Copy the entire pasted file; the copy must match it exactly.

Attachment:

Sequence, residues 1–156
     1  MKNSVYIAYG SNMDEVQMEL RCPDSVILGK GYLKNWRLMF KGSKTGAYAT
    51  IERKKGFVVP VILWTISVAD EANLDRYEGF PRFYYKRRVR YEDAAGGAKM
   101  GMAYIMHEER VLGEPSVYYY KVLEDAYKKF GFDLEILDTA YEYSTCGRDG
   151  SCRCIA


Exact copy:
Sequence, residues 1–156
     1  MKNSVYIAYG SNMDEVQMEL RCPDSVILGK GYLKNWRLMF KGSKTGAYAT
    51  IERKKGFVVP VILWTISVAD EANLDRYEGF PRFYYKRRVR YEDAAGGAKM
   101  GMAYIMHEER VLGEPSVYYY KVLEDAYKKF GFDLEILDTA YEYSTCGRDG
   151  SCRCIA